Vet to get loaner to replace stolen scooter

Tom Cammarata's motorized scooter was stolen from his

Tom Cammarata's motorized scooter was stolen from his home on Bushwick Avenue in Central Islip, police said. (Oct. 10, 2012) (Credit: James Carbone)

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Tom Cammarata was gushing with joy Wednesday morning after learning that a Long Island medical supply company was going to lend him a motorized scooter.

"This is a big relief, unbelievable," said Cammarata, 59, a disabled Vietnam veteran from Central Islip. "I feel great now. I really do."

Sunday morning had marked a different emotion for Cammarata, whose own scooter was stolen from his home on Bushwick Avenue.

Suffolk County police said the scooter was stolen between 1 and 7 a.m. Sunday from the front of the house. A blue three-wheeled Champion 3 model valued at about $1,800, the scooter most likely was dragged across the lawn and lifted into a waiting vehicle, Cammarata said.

He learned earlier on Wednesday that Drive Medical, a Port Washington medical supply company, would lend him a scooter until another can be ordered for him through the Department of Veterans Affairs.

Cammarata said his "loaner" was going to be delivered Thursday morning.

Doug Francis, owner of Drive Medical, said the idea that someone stole such a vital product from Cammarata, a veteran, struck a chord.

"We believe our business brings a sense of independence and freedom to peoples' lives, and when you consider this man is a veteran and someone stole an important item from him, it sort of touches home," Francis said.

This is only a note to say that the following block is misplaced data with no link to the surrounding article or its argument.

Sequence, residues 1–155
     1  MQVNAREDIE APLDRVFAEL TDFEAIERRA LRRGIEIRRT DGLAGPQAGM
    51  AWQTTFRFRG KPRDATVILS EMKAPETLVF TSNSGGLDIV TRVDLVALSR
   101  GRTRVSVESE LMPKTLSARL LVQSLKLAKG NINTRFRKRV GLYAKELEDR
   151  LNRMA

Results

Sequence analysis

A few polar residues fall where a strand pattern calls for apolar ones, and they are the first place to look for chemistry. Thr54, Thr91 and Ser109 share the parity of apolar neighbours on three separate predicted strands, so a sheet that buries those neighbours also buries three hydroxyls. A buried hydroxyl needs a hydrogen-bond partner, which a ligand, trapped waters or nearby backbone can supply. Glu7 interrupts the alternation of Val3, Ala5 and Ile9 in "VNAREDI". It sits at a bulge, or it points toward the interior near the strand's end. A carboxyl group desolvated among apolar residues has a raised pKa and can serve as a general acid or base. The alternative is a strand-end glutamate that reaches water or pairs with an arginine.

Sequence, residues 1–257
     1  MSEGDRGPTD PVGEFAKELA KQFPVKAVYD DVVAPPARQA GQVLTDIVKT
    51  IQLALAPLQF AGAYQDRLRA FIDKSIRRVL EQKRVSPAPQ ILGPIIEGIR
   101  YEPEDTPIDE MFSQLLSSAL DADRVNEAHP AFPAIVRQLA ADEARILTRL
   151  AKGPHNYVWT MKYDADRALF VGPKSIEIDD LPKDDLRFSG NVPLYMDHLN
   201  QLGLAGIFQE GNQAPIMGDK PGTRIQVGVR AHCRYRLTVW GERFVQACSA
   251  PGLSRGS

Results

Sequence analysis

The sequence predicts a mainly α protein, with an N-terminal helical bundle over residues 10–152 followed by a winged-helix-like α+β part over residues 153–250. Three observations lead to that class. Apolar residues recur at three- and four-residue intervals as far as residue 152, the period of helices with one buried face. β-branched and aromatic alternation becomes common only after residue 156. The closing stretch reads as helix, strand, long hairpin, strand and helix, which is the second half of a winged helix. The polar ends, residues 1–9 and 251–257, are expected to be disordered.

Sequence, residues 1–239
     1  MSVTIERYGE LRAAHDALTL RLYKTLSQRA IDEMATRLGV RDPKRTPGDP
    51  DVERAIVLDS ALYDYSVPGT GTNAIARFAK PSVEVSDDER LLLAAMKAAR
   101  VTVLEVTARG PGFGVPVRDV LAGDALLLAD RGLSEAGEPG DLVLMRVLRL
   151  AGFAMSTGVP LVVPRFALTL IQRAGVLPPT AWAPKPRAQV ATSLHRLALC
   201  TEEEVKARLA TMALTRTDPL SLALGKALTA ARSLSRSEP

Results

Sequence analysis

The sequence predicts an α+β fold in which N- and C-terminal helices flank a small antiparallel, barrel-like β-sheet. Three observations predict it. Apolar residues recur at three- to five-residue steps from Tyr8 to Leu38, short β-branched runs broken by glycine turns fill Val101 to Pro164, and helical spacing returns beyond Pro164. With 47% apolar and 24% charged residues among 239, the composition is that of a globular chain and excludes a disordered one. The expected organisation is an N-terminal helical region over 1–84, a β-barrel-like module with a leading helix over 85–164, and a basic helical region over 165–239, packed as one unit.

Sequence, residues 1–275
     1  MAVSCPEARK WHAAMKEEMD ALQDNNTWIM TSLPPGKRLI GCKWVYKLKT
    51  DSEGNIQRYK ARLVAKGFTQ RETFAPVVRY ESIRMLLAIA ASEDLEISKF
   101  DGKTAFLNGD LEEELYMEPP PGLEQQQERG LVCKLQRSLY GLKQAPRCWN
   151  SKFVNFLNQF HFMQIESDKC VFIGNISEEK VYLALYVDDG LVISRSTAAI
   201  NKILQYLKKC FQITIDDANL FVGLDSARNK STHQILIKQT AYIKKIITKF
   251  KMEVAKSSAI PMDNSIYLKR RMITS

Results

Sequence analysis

Initially, Cammarata was upset because the motorized scooter gives him independence, he said, including the freedom to volunteer regularly at the Northport Veterans Affairs Medical Center. He uses the scooter to get to the bus stop, from which he commutes almost daily to the medical center, and for shopping.

In 2003, Cammarata said he was the victim of a hit-and-run accident that severely fractured his left ankle. Since the accident, standing and walking mean constant pain for him, he said.

When he realized his scooter had been stolen, he said he "went into semipanic mode."

He walked outside to the front porch Sunday morning, discovered the scooter was not there and then hoped he had put it in back of the house, where he usually leaves it to be recharged.

"When I found it wasn't there, I knew someone had stolen it," he said.

Cammarata said the representative from the medical supply company originally wanted to give him a scooter, but he said he refused.

"I just wanted them to loan me one until I can order a new one from the VA," he said. "So I'm going to get to use one, and that's great," he said.

Police ask anyone with information about the theft to call Crime Stoppers at 800-220-TIPS. All calls will be kept confidential, police said.

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